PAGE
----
Hambly told Polygon that while he “lost a few subscribers over a two-day span,” the channel has begun to see some growth. Hambly added that if Wizards of the Coast “tries to take action against me with a DCI [Duelists' Convocation International, the official authority behind competitive Magic play] ban (which they may likely do) that would only hurt my fans as I do a lot of on-site event coverage.”

A longer statement from Wizards of the Coast, posted on the official Magic website on Nov. 28, echoes the previous sentiment released on Twitter last week and addresses Hambly’s concerns. Elaine Chase, brand director for Magic, outlined a number of actions the team is working on to try and quell harassment in the community, including investigating reports of bullying, updating code of conduct violations and reexamining how live events are held. Chase doesn’t refer to Hambly or any other individuals by name, but does reference that the “community can be spoiled by the behavior of a few individuals.” Part of Wizards’ statement can be read below.

We are incredibly proud of the Magic community and the tremendous good it does in people's lives. Magic is a game meant to bring people together—it's right there in the name "The Gathering." Our community is filled with stories of lifelong friendships and bonds forged through tapping lands, casting spells, and swinging in with everything for the win.

Sadly, that sense of community can be spoiled by the behavior of a few individuals. We at Wizards of the Coast are disheartened about bullying and harassment in the gaming community; unfortunately, the Magic community is not immune. No one should be subjected to threats and intimidation. No one should be made to feel unsafe or unwelcome while enjoying something they love. All people should be able to express their joy for the game without being attacked, whether that's in a local game store, online, or somewhere in between.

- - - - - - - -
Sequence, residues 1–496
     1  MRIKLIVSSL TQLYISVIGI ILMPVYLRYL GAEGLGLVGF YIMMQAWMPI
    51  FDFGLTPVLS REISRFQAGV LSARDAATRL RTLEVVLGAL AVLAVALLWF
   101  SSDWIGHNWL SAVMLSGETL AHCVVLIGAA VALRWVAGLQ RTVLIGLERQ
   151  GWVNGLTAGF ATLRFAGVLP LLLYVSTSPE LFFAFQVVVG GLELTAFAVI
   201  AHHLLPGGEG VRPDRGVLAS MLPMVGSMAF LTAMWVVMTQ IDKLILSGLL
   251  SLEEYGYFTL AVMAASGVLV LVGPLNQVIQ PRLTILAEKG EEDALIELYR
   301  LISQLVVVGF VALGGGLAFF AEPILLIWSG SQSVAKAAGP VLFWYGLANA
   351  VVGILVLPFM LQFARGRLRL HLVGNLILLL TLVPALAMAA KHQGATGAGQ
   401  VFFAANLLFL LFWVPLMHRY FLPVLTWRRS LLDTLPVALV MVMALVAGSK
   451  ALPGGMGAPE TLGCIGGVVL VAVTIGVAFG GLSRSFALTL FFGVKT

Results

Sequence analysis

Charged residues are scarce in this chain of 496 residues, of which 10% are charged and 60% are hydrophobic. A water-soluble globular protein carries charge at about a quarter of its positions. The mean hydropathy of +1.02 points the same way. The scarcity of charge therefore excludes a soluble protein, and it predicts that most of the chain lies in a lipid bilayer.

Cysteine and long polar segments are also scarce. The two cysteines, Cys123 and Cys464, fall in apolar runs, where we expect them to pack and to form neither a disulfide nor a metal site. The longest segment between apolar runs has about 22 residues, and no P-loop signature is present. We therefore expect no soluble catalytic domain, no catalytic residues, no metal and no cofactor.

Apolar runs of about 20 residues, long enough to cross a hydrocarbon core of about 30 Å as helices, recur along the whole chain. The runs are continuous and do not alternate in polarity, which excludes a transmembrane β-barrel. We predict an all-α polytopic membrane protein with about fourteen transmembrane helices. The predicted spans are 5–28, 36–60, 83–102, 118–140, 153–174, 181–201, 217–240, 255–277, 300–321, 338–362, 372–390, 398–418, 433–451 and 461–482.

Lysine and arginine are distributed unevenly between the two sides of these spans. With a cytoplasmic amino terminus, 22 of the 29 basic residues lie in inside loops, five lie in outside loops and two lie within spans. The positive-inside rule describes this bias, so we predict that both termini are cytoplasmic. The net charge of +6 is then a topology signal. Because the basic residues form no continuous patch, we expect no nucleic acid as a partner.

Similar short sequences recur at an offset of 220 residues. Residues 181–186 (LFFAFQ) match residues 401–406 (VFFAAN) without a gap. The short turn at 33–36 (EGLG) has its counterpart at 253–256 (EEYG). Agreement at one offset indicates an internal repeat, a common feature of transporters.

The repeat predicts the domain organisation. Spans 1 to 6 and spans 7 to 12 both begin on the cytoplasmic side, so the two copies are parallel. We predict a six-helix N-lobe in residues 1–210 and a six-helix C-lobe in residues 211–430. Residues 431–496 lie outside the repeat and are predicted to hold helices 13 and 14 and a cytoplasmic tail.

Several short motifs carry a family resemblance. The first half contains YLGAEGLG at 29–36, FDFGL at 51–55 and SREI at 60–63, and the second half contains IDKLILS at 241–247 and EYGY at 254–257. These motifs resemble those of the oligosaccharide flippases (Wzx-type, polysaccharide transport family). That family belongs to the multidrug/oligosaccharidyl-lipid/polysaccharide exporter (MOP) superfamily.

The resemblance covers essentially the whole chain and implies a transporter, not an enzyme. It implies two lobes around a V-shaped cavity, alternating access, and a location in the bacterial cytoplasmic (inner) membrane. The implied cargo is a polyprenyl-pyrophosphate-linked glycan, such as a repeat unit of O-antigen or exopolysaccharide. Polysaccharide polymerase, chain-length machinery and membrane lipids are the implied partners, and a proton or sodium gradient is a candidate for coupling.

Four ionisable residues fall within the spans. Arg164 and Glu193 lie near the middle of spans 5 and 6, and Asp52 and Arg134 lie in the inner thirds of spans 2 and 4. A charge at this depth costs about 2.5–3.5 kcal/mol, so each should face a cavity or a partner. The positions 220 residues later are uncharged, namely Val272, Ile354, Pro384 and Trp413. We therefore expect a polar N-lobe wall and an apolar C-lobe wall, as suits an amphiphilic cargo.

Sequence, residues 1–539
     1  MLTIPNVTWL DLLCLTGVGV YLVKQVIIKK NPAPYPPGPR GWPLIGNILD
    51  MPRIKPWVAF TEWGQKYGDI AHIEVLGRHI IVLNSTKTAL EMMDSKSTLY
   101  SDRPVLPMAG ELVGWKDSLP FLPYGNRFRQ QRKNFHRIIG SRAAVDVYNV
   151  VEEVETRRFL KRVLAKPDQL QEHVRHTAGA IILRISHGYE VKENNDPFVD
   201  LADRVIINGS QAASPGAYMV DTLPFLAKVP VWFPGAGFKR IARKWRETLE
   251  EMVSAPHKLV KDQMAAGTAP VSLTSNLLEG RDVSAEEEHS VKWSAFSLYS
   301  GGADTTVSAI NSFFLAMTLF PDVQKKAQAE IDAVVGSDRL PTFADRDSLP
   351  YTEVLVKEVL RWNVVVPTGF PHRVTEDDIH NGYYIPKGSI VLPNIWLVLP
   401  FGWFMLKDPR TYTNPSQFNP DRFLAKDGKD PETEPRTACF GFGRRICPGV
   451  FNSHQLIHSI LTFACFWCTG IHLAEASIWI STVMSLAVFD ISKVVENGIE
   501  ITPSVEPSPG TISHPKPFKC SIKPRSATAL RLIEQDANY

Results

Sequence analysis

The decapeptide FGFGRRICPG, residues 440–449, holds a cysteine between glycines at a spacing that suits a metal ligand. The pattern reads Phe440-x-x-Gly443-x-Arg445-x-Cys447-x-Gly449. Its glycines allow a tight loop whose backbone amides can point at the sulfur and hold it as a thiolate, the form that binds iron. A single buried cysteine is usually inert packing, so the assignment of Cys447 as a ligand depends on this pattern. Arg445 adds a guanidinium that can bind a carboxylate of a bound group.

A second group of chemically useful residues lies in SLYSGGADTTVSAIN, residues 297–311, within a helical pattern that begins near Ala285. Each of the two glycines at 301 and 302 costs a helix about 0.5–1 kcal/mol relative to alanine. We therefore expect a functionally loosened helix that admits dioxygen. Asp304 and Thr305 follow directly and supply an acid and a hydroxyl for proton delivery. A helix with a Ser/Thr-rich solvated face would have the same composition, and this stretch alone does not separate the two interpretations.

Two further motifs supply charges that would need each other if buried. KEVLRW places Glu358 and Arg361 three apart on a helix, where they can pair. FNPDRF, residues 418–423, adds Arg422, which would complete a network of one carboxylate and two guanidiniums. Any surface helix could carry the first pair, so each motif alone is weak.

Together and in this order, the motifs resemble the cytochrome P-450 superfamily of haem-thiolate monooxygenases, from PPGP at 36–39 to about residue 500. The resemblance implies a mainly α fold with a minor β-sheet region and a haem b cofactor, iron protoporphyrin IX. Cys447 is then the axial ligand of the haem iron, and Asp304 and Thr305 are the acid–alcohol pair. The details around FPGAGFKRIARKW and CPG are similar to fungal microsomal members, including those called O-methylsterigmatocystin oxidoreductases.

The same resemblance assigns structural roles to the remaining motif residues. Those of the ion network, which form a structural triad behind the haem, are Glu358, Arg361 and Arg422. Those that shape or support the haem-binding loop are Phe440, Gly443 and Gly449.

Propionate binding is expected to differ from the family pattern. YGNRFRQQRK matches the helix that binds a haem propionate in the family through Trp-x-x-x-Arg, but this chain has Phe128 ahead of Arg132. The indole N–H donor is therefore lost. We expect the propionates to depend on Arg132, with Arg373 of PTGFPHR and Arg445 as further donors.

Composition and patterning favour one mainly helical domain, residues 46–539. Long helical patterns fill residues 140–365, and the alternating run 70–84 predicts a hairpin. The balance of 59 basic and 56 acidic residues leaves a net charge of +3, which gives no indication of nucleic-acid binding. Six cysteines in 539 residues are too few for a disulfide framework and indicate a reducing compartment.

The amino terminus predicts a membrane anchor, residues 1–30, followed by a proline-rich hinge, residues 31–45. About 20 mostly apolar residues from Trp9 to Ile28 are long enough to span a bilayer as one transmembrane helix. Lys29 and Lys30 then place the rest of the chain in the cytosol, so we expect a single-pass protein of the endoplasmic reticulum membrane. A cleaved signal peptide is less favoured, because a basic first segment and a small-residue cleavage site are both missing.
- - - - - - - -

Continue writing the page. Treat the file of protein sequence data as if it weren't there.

With multiple people alleging that Hambly’s videos are full of harassment and derogatory comments about women and trans people, questions about whether his YouTube channels are in jeopardy have started to arise. Hambly acknowledges that his video from six months ago about Sprankle has been removed for violating the company’s harassment and bullying policy, but it’s unclear whether other videos have been reported to YouTube. Hambly mentions that people have been reporting his Patreon channel, his Twitter accounts and other videos he’s uploaded in the past. If evidence is found that his videos violate the site’s policy, YouTube could take action.

According to YouTube’s policy, cyberbullying and harassment consists of “deliberately posting content in order to humiliate someone, making hurtful and negative comments/videos about another person, unwanted sexualization, which encompasses sexual harassment or sexual bullying in any form and incitement to harass other users or creators.” Numerous people on Twitter and Reddit have accused Hambly of uploading content that crosses these boundaries.

Polygon has reached out to YouTube for further comment and will update when more information becomes available.